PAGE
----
Monday, June 30, 2014

Who needs the Oculus? Imagination is still the best form of immersion for gaming


Recently, much of the gaming world has been going absolutely bonkers trying to figure out how the next iteration of peripherals will enhance the experience we currently enjoy on our TVs, handhelds, and smartphones.

Wearables - your smartwatches, Google Glass, etc. - are still anyone's guess, but virtual reality headsets like the Oculus Rift and the PS4's Project Morpheus represent an amazing area for potential player immersion.

While such headsets aren't the coolest thing you can slap on your head, they're currently able to let you make out with your favorite fantasy characters and even see what it's like to swap genders for a few minutes.

But is this really the best form of immersion that gamers can hope for?

In a sense, these headsets and the experiences imparted through them are an extension of our desire to lose ourselves in the fantasy of gaming.  Ever since the first DM arranged a special mix tape for his D&D gaming campaign, those responsible for games have employed a variety of tricks to pull players deeper into their fantasies.

The ultimate extension of this is LARPing, naturally, but even here players are still required to engage their imaginations to really bring the experience to life.

Sure, some LARPs are more elaborate in their setups than others - but no matter how cool the setting and costumes are, players (hopefully) need to make the last leap themselves and invest some belief in what they're seeing to transform the 19-year-old kid in green face paint into a menacing orc raider.

Costumes like this, however, can totally stand on their own
(source)

But when you bring a VR headset into the equation, you're disabling a player's imagination and hijacking their senses.

I've dabbled in a few of the current headsets on the market, and while they're all undeniably cool at making you feel like you're actually inside of a game - I left each hand-on (face-on?) with a lingering sense of confusion and disappointment.

At no point during the experience did I, as the player - the consumer of the game / fantasy / experience - have to work to help bring the game to life.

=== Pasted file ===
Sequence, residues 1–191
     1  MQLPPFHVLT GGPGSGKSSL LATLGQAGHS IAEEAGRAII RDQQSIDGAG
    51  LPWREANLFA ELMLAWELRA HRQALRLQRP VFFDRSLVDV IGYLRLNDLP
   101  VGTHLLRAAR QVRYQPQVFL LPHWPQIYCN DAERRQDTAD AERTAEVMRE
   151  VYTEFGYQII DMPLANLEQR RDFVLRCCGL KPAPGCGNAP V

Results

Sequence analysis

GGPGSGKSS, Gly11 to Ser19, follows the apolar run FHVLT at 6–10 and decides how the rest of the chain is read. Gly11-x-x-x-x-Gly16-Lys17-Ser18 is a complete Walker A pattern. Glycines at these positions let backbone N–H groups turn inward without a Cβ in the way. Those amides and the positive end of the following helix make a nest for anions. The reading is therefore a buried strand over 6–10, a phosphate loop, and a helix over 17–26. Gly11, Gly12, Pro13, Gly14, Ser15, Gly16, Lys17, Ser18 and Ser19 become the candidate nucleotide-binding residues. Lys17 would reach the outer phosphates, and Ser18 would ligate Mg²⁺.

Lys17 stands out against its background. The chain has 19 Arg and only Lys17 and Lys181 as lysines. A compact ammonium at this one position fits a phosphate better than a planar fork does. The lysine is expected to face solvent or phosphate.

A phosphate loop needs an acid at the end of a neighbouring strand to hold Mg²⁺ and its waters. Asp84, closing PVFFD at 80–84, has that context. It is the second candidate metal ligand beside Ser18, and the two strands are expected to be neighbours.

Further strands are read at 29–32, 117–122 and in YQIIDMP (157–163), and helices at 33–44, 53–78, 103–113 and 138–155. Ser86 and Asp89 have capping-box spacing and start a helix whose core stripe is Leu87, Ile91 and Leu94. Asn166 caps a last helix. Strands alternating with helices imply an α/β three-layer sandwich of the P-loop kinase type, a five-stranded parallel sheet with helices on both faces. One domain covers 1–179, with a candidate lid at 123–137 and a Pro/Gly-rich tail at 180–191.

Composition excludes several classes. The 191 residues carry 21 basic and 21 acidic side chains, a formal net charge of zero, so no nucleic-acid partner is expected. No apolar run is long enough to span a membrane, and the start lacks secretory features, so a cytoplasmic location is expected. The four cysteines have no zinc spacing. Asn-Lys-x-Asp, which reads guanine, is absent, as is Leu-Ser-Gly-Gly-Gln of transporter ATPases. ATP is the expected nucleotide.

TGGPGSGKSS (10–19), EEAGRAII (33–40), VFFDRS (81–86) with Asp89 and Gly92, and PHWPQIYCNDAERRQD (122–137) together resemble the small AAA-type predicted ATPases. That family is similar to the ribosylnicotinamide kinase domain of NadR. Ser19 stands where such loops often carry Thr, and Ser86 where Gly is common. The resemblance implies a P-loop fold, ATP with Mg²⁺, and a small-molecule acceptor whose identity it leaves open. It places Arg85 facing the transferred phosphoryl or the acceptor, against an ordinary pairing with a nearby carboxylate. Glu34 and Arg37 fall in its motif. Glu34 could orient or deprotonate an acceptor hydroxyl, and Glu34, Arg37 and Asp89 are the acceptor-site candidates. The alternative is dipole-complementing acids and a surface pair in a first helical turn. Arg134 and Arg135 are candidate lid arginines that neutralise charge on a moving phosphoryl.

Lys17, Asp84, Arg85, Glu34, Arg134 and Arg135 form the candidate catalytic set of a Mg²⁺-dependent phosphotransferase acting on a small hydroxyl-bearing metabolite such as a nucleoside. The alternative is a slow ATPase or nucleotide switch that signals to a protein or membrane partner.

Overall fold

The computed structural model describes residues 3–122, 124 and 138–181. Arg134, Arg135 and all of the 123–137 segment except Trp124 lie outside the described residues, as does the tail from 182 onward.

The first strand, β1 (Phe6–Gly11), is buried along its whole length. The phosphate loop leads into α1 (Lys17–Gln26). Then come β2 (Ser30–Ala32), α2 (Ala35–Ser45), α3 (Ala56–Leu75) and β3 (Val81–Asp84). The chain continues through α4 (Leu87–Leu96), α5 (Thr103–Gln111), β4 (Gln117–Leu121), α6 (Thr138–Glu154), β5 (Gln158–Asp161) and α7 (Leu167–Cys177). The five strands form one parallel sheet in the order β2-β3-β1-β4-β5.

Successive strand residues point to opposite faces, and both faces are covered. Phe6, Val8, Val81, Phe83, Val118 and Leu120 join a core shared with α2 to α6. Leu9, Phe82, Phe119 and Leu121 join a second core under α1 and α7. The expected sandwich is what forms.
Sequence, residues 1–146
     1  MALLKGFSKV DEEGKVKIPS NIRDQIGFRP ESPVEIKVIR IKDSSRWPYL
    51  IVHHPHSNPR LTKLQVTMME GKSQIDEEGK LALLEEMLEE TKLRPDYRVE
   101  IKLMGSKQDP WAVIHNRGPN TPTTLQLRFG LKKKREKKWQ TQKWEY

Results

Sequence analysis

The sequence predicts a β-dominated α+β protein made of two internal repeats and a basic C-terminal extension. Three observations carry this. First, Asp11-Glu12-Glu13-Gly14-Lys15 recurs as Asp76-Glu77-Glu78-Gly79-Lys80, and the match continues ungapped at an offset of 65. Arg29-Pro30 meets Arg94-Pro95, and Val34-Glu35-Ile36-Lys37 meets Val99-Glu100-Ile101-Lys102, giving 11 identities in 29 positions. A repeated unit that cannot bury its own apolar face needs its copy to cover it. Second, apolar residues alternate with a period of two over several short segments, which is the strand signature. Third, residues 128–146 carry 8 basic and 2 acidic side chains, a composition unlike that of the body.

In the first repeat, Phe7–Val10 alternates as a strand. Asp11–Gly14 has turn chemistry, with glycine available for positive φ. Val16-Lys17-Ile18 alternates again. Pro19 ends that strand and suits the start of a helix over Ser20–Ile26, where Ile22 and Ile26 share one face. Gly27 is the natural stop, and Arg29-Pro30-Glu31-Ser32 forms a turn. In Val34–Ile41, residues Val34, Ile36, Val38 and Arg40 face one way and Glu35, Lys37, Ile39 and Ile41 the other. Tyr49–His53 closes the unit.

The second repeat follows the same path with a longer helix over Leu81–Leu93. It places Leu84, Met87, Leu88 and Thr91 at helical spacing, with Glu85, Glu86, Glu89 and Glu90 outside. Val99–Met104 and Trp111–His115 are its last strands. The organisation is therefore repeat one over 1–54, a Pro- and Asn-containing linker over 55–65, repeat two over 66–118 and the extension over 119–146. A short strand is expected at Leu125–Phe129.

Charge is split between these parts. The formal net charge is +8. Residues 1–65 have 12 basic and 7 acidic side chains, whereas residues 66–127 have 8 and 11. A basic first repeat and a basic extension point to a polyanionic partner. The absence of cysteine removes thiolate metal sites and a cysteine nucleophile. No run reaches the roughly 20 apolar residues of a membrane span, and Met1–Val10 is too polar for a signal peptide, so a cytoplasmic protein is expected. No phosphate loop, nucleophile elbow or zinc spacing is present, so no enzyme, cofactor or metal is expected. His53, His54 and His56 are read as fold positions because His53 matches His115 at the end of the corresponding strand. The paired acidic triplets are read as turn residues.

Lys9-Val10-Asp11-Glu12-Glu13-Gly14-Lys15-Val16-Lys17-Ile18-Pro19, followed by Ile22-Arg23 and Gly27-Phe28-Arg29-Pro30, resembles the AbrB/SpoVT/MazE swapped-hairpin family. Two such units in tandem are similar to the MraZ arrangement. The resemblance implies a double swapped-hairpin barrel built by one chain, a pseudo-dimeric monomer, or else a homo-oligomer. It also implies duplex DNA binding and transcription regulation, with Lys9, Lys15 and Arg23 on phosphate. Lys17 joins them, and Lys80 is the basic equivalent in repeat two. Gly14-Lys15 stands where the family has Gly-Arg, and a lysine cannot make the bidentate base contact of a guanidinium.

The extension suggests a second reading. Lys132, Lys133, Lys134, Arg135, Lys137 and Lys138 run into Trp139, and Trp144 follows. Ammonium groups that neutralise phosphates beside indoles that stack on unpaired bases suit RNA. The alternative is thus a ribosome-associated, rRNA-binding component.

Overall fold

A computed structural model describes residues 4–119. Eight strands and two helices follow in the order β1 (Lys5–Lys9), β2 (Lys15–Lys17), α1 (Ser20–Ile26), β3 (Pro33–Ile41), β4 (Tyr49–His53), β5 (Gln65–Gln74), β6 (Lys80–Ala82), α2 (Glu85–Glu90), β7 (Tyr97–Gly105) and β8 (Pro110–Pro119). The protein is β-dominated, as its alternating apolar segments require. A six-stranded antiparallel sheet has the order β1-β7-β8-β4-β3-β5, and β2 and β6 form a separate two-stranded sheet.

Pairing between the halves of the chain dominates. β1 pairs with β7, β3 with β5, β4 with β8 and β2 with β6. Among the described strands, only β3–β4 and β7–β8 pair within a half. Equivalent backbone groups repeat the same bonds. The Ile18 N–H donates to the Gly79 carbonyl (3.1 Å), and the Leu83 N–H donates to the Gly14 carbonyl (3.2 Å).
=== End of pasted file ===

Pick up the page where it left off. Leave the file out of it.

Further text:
Back when games were limited to 16-bits or less, we had to actively imagine what was happening between the gaps in animation and narrative to get the most of out the experience - that experience has been deadened some as graphics have improved to their current capacity... but even here we still need to fill in the missing pieces that graphics and audio can't fully convey.

And this is a very good thing, since it's keeping us - the players - engaged in the processing of the game.

It doesn't matter if the game in question is a tabletop RPG or a cutting edge PS4 zombie shooter - there will always be a time where the game falls short and our imaginations are left to take over.  Whether we fill in a backstory where none exists or turn down the lights to make a Resident Evil game more terrifying, we're still taking active steps to add to what's being presented to us.

In a Rift or a Morpheus game, however, our imaginations are, paradoxically, being held at bay.  Short of the sensation of temperature changes on our skin or a taste of a kiss on our lips, there's really little that we can't experience when we're hooked up to those machines.

Time will tell if this disconnect will serve as the breaking point that keeps VR gaming from going over this time around or if people will embrace the tech for the amazing potential that it offers.

The novelty of the experiences made possible by such hardware are nothing short of staggering after all, but even those fall short of what we can accomplish when we literally put our minds to it.

Thursday, June 26, 2014

Object of geek desire: crocheted Magikarp hat

Ah, Magikarp.

Ever since the Gen 1 Pokemon games, this feckless flopper sat unloved in the dusty boxes of trainers young and old.  Sure, there was the temptation to evolve it into the amazingly badass Gyarados - but one look into the derpy, dead eyes of Magikarp let you know it was going to be a very long, and very embarrassing, climb to level 20.

Thankfully, nostalgia was much kinder to Magikarp than I ever was - and he's become something of a pity mascot for the Pokemon franchise. That trend continues this week, with one of the most elaborate Object of Geek Desires to date.


What you're looking at is an incredibly detailed, hand-crocheted wool Magikarp hat.

Made by the intrepid etsy crafter Coralista, this hat can be worn just about any way you'd like - and can even swallow your head to keep you warm if you'd like.  The hat measures 20" from tail to gaping mouth, and you can even select the color of the 'karp you'd like: regular 'ol orange, or shiny yellow.

Unfortunately, the hat is a made-to-order number - which means it'll take 8-12 weeks to complete before it ships.  Thankfully this means it should be ready right in time for the fall, which is a great time to wear the 'karp out around town.

If the $250 (+$8.00 shipping) of the karp hat is a bit too rich for your blood, Coralista's got a bunch of other knit Pokemon merch available in her shop for a fraction of the price.

The knit Cubone is cute and all, but it'll never trump the unbridled majesty that you'll get with the 'karp hat.


Monday, June 23, 2014

You can thank the media for the whole sexism in Zelda debate


One of the biggest hot-button issues in modern games journalism - and, if you choose to believe it, the modern gaming scene - is the issue of gender diversity in games.

This issue simmers in the back of a great many minds, but manifests chiefly as a criticism against the lack of female playable characters in Triple A games.

For many in the press, the lack of a female playable character is akin to sexism - and they have no trouble calling attention to the problem, particularly with headline-grabbing franchises like The Legend of Zelda.